Putting the ‘tuning’ in hyperparameter tuning

In practice, the data scientist probably does a little more than that. Recall that grid search exhausts the search space we specify. Since we specified two values for both C and kernel, the size of the grid is merely 4. A continuous search space is infinitely large :-(

You, the data scientist

You may not be satisfied with the predictive performance of the model we obtain, and as such you may try to search around the search space for a better hyperparameter value.

Suppose you start with

parameters = {'kernel':('linear', 'rbf'), 'C':[1, 10]}

find out RBF and C = 10 were selected by your search process, then proceed to run

parameters = {'kernel': 'rbf', 'C':[9, 10, 11]}

hoping to get better performance.

The problem is that you are almost certain to get better performance, since you are optimizing for the same cross-validation scheme. We’ve violated the rule that cross-validation is just for evaluation, and inadvertently used it for optimizing our model!

Wait … what just happened?

To see why this is an issue, let’s simplify this problem a little by substituting cross-validation with a validation set approach. Suppose you used a train-validation split on your data and used the test score to guide your hyperparameter choice. And suppose our results looked a little like:

C kernel test score
1 linear .95
1 rbf .91
10 linear .96
10 rbf .90

Now you know that 10 and linear are optimal, so you search around the vicinity of C = 10.

C kernel test score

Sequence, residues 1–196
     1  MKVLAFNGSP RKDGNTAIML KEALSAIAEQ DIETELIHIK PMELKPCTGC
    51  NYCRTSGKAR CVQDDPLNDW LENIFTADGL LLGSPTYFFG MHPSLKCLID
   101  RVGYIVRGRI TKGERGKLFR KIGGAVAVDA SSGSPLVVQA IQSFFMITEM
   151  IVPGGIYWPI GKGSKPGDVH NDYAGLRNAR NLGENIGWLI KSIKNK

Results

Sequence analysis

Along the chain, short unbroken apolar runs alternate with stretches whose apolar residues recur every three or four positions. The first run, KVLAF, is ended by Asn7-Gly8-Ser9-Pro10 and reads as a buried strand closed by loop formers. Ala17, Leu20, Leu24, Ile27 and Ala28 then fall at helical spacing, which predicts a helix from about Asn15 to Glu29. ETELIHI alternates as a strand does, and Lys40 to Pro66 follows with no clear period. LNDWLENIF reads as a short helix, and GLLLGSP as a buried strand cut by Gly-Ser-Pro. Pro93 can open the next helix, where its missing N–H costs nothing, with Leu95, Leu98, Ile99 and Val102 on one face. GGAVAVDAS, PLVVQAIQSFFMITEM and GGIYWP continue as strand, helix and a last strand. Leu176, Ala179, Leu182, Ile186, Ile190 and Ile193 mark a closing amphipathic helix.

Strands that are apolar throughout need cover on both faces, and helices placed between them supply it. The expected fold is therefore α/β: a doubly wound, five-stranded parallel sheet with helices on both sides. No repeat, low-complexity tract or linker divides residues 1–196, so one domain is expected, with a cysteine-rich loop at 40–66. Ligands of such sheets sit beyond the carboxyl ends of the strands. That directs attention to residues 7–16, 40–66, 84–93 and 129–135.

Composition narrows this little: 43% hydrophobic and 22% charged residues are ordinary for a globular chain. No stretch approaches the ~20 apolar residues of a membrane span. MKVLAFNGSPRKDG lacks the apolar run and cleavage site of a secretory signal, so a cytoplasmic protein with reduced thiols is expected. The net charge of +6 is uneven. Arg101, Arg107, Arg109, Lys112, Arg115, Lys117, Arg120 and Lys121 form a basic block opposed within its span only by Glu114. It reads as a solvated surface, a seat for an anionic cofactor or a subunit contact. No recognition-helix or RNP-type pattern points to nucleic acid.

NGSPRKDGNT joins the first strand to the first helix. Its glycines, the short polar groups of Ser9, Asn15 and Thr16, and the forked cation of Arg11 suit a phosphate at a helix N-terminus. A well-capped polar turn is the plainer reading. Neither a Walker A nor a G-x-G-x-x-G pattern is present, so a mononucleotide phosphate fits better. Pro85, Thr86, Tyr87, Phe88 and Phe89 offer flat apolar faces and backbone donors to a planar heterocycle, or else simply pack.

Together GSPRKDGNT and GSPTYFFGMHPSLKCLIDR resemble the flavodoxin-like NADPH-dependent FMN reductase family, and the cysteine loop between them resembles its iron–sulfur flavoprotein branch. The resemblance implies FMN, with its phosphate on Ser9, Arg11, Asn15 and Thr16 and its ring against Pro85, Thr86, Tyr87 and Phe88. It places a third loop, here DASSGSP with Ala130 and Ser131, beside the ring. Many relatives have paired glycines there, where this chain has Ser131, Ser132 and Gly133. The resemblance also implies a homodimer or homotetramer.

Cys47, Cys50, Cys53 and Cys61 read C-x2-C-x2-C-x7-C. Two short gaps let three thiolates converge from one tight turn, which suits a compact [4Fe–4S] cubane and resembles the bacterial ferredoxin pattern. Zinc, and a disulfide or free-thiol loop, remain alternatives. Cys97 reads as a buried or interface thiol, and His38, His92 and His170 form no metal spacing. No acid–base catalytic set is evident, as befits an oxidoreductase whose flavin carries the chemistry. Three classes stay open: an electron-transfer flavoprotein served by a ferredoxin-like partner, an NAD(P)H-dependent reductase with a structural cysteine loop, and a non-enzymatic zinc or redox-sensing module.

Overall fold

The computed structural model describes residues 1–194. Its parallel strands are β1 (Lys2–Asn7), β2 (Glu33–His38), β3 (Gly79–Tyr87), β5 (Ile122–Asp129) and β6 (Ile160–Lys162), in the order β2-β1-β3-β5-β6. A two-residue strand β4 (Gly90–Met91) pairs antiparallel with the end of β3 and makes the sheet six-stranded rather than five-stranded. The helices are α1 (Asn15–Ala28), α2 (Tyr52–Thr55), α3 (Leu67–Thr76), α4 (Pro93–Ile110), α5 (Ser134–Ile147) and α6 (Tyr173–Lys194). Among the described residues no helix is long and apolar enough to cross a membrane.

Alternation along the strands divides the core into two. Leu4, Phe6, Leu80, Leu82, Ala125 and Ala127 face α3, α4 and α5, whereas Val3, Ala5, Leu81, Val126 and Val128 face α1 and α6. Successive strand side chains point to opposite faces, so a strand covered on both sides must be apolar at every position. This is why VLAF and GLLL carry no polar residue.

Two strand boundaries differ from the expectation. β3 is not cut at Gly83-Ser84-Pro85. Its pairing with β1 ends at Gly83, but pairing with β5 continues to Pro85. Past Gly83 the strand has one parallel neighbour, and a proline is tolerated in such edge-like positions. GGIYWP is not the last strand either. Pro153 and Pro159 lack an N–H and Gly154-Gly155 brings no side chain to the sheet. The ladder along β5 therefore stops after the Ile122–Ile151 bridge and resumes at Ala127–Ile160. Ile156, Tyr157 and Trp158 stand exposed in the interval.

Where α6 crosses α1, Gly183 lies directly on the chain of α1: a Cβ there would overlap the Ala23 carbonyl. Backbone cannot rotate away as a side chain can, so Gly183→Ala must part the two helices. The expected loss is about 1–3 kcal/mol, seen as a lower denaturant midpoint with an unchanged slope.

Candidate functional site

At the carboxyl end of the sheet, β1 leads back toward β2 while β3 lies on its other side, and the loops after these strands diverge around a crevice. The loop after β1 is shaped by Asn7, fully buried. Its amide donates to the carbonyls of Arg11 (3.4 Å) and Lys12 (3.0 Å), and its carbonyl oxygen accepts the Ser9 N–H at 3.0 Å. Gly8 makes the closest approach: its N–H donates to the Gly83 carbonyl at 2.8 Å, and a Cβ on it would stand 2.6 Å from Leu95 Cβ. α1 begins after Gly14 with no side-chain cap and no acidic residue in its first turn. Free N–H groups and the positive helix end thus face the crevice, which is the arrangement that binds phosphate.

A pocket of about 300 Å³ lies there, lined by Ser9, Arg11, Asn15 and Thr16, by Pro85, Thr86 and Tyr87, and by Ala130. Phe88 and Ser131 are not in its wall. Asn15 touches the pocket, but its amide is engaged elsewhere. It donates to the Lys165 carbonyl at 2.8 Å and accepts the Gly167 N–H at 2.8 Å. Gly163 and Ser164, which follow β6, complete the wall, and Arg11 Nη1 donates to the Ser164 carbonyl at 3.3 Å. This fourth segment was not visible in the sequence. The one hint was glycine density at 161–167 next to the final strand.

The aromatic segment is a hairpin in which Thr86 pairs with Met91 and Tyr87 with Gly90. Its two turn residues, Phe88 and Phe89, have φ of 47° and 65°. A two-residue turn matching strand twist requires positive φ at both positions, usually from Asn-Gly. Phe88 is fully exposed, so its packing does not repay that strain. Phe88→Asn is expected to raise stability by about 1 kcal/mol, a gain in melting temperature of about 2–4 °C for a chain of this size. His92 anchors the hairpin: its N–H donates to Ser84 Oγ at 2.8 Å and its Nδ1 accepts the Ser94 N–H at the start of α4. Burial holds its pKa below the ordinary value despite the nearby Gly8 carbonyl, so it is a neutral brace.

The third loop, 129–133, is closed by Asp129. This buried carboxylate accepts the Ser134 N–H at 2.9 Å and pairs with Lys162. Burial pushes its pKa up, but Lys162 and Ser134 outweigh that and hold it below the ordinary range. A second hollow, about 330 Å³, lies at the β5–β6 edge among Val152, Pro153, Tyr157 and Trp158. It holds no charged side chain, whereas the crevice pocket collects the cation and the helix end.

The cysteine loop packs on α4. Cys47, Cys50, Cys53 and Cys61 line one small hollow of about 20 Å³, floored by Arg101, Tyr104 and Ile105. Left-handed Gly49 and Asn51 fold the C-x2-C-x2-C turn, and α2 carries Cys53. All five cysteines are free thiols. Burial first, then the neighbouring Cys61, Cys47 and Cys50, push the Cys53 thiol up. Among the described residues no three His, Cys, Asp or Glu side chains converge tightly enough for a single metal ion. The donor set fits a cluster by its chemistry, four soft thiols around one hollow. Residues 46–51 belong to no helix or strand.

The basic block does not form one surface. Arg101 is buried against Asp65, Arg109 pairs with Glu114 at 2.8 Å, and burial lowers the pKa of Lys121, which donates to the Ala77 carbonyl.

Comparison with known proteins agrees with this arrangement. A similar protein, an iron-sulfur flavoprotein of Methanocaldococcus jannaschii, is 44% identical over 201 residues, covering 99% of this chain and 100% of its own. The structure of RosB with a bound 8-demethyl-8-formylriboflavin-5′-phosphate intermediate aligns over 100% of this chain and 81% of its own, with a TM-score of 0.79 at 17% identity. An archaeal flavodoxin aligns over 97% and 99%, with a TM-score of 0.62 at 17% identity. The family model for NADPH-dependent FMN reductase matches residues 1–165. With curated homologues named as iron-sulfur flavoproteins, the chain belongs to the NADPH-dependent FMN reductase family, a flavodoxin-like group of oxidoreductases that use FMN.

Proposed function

8 linear .92
9 linear .93
10 linear .96
11 linear .97

This has muddied the train-evaluation distinction. We ‘train’ our model using our observations for the evaluation set. You’d be hacking the test set for the best score, and the test score loses its efficacy as an indicator of your model’s performance. We will choose the hyperparameter that performs best on the test set, but its generalizability is questionable.

Can cross-validation save us?

Using cross-validation may not be enough. Suppose we had cross-validation split 1 with the following evaluation scores:

C kernel cross-validated
1 linear .95
1 rbf .91
10 linear .96
10 rbf .90

and again searched around the vicinity of C = 10:

C kernel cross-validated
8 linear .92
9 linear .93
10 linear .96
11 linear .97

you would be selecting the hyperparameters that are optimal for the cross-validation setup, since the hyperparameter optimization process shares the same cross-validation setup as the hyperparameter evaluation process. This time, instead of hacking the test set, you’re hacking the cross-validation setup.

As a result, the cross-validation error you obtain from this process would be overoptimistic.

Nested CV

Nested CV tries to fix this problem by integrating both training and model selection as part of the model fitting procedure.

Parvandeh et al. (2020)

Nested CV may seem complicated, but bear with me for a while.